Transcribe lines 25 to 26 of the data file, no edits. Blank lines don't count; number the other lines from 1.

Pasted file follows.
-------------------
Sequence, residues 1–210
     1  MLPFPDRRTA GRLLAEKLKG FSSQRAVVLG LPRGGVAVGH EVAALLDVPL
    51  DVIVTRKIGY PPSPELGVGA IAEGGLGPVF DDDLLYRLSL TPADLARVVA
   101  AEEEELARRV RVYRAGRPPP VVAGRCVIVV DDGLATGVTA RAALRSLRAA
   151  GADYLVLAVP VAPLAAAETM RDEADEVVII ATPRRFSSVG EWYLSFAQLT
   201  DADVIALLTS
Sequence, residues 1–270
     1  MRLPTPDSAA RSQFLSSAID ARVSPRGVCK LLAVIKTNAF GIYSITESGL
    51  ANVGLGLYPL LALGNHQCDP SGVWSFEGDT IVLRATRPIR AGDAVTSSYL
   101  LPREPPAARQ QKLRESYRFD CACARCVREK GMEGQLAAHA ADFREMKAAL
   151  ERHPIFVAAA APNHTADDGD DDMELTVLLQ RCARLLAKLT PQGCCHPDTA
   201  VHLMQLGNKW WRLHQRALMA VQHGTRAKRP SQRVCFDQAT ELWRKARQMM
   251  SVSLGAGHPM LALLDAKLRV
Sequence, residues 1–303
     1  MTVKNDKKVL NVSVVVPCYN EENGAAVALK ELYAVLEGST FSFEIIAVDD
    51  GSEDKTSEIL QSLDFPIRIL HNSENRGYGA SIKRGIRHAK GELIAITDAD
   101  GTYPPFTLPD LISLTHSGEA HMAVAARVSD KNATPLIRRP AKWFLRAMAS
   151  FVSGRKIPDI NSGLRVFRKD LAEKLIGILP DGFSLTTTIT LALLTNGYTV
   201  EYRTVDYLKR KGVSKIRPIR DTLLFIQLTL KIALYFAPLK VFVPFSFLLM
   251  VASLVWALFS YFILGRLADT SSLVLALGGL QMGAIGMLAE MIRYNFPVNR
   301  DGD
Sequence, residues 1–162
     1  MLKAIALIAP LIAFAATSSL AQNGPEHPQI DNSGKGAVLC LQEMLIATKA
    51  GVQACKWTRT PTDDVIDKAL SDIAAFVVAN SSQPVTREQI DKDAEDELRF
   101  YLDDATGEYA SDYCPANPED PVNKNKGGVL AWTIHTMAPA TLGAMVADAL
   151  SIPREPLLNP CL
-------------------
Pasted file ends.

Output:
   101  YLDDATGEYA SDYCPANPED PVNKNKGGVL AWTIHTMAPA TLGAMVADAL
   151  SIPREPLLNP CL